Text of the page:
Microsoft had a hand in developing Uvo, and like the Ford Sync system, we found a larger-than-expected learning curve to some of its voice commands. Still, Uvo proved reliable and lag-free, something we can't say about all infotainment systems.
An additional screen sits in the gauge cluster on higher-spec Sorentos. Replacing the speedometer, it's a crisp screen, but the contrast ratio and brightness seem a bit off. In bright light, the virtual speedometer needle was very difficult to see.
Otherwise, the Sorento's interior is a convenient and comfortable place to whittle away the miles. Comfortable heated and air conditioned front seats and terrific second row room made it a favorite for longer trips during our evaluation. Especially notable on our test car was the fragrant, leathery scent that greeted us every time we opened the door. The leather Kia selected is about par for the class, but it delivered a deliciously luxurious eau de peau (leather)
Out back, Sorento features a nicely-finished cargo area with a very usable 35 cubic feet.
But does it go?
At just shy of 4,000 lbs., the 290-horsepower Sorento is fairly slim by class standards. As a result, it accelerates with authority, making the most of its direct-injected V6's 252 lb-ft. of torque. Although those figures aren't far off of what competitors offer with turbocharged four-cylinder engines, the naturally-aspirated V6's power pours on smoothly. Aiding matters is the quick-shifting six-speed automatic, which was more than happy to downshift a cog or two for passing.
That performance does take somewhat of a toll at the pumps, but we can at least report that we saw fuel economy on par with the 18/24 mpg suggested by the EPA test. Overall, we tagged the window sticker's 20 mpg.
Opting for sunbelt-friendly front-wheel-drive would have boosted the highway and combined figures by 1 mpg each, but it would be accompanied by some torque steer - pulling of the steering wheel under hard acceleration. That sensation was fortunately negated entirey by our tester's all-wheel-drive, which features a locking center differential for thick snow or more challenging terrain. However, with its modest ground clearance and decidedly pavement-oriented Kumho City Venture tires, our tester won't keep up with a Jeep Grand Cherokee.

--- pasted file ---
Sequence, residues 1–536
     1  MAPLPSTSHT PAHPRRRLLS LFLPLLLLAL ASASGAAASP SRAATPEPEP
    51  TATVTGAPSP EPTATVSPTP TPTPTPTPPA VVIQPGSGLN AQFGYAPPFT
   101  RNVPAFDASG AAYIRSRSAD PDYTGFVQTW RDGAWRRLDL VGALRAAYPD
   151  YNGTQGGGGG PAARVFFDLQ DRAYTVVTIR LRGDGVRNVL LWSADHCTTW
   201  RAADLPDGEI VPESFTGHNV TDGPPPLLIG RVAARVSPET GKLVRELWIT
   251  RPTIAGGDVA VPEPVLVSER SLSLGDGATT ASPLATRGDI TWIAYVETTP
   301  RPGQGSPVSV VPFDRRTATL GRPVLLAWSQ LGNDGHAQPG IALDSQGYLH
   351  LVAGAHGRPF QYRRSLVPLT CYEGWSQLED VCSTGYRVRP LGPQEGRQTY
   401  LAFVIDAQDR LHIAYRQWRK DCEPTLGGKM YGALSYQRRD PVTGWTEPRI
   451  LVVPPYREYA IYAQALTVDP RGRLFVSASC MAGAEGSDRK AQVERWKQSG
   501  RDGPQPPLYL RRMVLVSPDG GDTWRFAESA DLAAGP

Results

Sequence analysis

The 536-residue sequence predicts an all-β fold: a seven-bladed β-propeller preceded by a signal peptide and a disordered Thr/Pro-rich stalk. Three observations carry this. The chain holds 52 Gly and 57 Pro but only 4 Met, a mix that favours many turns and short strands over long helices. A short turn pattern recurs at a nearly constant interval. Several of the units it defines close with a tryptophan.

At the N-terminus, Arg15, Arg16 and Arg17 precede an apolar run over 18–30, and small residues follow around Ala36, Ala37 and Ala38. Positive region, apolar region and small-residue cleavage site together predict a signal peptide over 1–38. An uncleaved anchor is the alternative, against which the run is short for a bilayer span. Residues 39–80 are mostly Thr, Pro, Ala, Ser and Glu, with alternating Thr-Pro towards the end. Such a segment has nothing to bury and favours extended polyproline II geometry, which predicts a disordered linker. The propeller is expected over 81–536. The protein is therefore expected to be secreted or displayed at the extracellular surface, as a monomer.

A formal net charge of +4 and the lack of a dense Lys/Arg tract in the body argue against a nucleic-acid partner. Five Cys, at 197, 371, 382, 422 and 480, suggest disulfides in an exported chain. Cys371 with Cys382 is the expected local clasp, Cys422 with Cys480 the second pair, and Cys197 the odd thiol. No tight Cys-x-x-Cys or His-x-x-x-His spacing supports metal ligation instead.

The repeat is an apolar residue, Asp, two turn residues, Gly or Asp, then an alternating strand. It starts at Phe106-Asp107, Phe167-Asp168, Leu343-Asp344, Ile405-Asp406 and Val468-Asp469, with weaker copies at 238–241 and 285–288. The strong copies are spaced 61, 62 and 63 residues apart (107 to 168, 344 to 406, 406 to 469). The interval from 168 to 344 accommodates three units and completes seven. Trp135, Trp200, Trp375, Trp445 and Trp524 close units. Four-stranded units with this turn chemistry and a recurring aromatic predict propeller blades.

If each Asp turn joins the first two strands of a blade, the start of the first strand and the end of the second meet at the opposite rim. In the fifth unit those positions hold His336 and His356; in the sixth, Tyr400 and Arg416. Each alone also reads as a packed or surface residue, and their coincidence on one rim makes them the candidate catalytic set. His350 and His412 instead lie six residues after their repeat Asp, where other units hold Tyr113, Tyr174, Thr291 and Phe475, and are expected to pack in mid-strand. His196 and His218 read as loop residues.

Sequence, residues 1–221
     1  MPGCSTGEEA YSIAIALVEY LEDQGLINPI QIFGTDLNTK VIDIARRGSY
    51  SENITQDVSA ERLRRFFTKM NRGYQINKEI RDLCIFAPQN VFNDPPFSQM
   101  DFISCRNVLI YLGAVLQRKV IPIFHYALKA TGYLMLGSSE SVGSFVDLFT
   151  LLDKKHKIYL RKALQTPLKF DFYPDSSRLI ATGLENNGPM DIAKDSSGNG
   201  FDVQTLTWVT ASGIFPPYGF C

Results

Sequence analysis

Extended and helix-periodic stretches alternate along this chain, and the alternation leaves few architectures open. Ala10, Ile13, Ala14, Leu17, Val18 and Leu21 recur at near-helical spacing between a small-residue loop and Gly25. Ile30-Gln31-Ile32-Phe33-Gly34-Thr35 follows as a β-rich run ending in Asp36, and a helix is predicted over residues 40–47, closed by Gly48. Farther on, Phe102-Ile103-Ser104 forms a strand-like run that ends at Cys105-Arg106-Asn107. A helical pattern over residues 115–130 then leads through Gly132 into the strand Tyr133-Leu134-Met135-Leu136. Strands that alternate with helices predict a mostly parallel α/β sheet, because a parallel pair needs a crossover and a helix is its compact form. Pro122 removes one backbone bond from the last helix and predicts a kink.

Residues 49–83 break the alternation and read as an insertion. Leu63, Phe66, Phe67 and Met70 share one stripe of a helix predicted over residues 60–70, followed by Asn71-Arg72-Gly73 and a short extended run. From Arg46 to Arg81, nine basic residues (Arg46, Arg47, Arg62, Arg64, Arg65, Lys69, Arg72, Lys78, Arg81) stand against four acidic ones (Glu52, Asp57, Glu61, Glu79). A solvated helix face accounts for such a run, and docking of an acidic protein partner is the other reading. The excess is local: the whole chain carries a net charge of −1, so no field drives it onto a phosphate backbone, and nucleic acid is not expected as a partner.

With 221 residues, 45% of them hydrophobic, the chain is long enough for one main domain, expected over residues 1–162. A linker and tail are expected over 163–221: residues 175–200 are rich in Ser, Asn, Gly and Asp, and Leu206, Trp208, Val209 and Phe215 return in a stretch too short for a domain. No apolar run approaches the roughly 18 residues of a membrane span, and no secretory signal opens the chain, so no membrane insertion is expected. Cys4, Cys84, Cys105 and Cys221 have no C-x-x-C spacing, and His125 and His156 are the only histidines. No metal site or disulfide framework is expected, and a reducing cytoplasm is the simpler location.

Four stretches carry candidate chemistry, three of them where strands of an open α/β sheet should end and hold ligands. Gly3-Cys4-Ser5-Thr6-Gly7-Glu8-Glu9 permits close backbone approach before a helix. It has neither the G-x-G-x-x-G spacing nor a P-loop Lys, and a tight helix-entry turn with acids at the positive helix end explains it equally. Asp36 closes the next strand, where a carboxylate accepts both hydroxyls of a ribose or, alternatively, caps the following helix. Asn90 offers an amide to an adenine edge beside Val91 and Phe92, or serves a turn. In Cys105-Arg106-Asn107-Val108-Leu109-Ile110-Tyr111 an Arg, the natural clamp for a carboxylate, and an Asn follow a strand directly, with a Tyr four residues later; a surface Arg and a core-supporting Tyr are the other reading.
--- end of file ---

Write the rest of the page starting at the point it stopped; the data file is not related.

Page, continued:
Despite the terrific grip afforded by the tires and all-wheel-drive, Sorento remains anything but sporty. Its steering offers only the vaguest feeling of what the front wheels are up to. Assist is heavily over-boosted, to the point where it's hard to keep the tiller pointed straight ahead when cruising on the highway. The more sport-oriented Sorento SX features a handy steering wheel-mounted button that changes resistance from ultra-light "comfort" to enthusiast-friendly "sport," but not other trims. Our tester felt like it was stuck in the SX's "comfort" mode.
That lousy steering is, sadly, rather par for the class. On the other hand, Sorento does set a high standard for ride quality. Its fully-independent suspension swallowed up serious bumps and ruts with aplomb. Reflecting an all-wheel-drive system that sends most of the power to the front wheels most of the time, the Sorento tended to plow into corners, but it did so in a predictable, controllable manner.
On the highway, we experienced little undue road and wind noise, making this five-seater a terrific road trip companion. Just don't look for the squiggly lines on your map.
Leftlane's bottom line
Delivering nearly everything a typical family-type buyer might want, the all-new-but-doesn't-look-new Kia Sorento is a worthy contender in the midsize crossover class.
Enthusiastic drivers will want better steering and those stepping out of a luxury-level vehicle would be justified in raising an eyebrow at the lack of soft-touch interior materials, but Sorento is generally a pleasing family cruiser. The SX improves the steering situation (and it includes a nice stitched cover for the instrument cluster), but its heftier price tag dents the value equation.
2014 Kia Sorento EX AWD
base price, $31,700. As tested, $36,550.
Touring Package, $4,000; Destination, $850.
Words and photos by Andrew Ganz.